This sort of attentional explanation for MIB is appealing, perhaps, because it is continuous with the explanations of other phenomena of visual awareness. On this account, we fail to see the target in MIB for the same underlying reason that we fail to notice the unexpected events in inattentional blindness displays (Mack & Rock, 1998; Most, Scholl, Clifford, & Simons, 2005), for example, due to an underlying attentional limitation. More generally, many other failures of visual awareness are similarly explained by appealing to either limitations of the underlying processing (such as delayed attentional engagement, in the attentional blink) or by weaknesses of the stimuli themselves (such as the graded boundaries that lead to adaptation in Troxler fading). 
Further investigation, however, raises doubts about this sort of attentional-limitation account. In the first place, the rotating mask in MIB displays doesn't actually seem so complex, relative to many real-world visual scenes. Indeed, part of the appeal of MIB for many observers is that the inducing stimuli seem so simple and straightforward. More generally, studies that have looked carefully at attention itself suggest a role that is the opposite of what might be expected: the more a target in an MIB display is attended, the more likely it is to disappear (e.g., Schölvinck & Rees, 2009).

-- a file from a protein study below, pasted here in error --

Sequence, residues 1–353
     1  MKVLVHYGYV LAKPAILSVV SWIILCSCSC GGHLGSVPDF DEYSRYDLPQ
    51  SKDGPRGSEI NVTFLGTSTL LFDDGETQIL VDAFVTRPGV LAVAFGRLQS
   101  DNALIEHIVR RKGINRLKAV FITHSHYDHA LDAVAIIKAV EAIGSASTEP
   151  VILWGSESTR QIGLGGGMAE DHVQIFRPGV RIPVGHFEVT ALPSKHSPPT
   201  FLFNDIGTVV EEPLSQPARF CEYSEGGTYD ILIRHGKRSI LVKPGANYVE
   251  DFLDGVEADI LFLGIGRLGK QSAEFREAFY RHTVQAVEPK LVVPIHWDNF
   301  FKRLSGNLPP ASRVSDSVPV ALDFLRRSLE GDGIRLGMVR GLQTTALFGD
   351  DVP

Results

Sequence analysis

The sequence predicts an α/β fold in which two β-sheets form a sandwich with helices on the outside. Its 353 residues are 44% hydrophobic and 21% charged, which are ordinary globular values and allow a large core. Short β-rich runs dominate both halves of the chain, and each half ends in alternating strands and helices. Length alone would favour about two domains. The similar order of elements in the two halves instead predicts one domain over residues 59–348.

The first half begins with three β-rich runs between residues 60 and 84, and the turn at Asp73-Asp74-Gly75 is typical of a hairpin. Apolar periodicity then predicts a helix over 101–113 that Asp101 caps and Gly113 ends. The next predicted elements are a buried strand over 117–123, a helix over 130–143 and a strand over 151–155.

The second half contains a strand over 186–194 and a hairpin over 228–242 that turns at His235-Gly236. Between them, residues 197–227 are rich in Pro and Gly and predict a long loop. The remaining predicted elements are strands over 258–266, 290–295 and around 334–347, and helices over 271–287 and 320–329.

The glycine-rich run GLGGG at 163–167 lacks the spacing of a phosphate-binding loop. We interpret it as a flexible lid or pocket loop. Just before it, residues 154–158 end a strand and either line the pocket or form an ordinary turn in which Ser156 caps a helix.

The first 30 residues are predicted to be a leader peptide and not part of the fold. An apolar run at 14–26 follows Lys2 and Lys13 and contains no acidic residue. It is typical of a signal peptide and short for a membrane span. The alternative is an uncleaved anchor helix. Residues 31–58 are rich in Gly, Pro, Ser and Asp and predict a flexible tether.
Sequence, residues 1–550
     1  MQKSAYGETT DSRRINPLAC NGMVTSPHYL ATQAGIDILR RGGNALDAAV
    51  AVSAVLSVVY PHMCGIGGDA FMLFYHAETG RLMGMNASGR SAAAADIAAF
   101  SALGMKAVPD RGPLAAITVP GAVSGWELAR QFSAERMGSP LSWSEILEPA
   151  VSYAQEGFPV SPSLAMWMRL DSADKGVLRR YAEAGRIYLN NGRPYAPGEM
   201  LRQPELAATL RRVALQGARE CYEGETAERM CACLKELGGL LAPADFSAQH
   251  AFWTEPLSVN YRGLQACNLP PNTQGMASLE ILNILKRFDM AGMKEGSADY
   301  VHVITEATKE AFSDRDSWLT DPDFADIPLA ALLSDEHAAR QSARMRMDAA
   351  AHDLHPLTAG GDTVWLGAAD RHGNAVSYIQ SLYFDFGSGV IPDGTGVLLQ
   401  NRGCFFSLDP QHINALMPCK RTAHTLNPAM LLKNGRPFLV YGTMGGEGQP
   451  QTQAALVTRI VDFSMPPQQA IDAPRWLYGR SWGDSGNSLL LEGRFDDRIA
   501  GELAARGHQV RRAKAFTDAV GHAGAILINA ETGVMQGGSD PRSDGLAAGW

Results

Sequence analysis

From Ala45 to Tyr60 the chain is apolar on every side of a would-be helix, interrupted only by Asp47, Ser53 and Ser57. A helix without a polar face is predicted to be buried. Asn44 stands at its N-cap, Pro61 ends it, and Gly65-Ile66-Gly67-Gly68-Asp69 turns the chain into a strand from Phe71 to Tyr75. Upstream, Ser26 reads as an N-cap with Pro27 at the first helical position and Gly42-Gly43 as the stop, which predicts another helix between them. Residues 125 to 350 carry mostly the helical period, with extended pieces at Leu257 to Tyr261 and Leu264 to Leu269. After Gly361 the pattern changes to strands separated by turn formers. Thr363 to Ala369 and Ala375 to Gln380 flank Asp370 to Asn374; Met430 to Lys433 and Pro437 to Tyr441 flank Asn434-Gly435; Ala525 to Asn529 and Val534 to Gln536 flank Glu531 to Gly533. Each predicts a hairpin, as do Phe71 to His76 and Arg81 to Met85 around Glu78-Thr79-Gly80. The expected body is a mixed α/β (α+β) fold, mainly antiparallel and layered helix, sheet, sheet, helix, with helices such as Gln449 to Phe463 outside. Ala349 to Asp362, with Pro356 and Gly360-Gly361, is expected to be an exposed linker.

Attentional competition is only one of several accounts that have been proposed to explain various aspects of MIB. For example, other theories have appealed to limitations based on interhemispheric competition (Carter & Pettigrew, 2003; Funk & Pettigrew, 2003), boundary adaptation (Hsu et al., 2006), and depth ordering (Graf et al., 2002; Hsu et al., 2006). All of these accounts are similar in one key sense, however, which is that MIB is treated as a failure, resulting from some sort of underlying limitation. 
Perceptual scotomas: A functional account of MIB
In contrast to most other types of visual disappearances, we have proposed that MIB doesn't arise from any sort of underlying limitation or artifact at all, but rather reflects a functional inference in perception. The targets in MIB displays don't disappear due to some lack of processing or resources, but rather because the visual system is effectively inferring that the target is not there in the world in the first place. Why should such an unconscious inference occur? We proposed in the perceptual scotoma account of MIB (New & Scholl, 2008) that the target disappears for the same reason that the visual system discounts actual visual scotomas.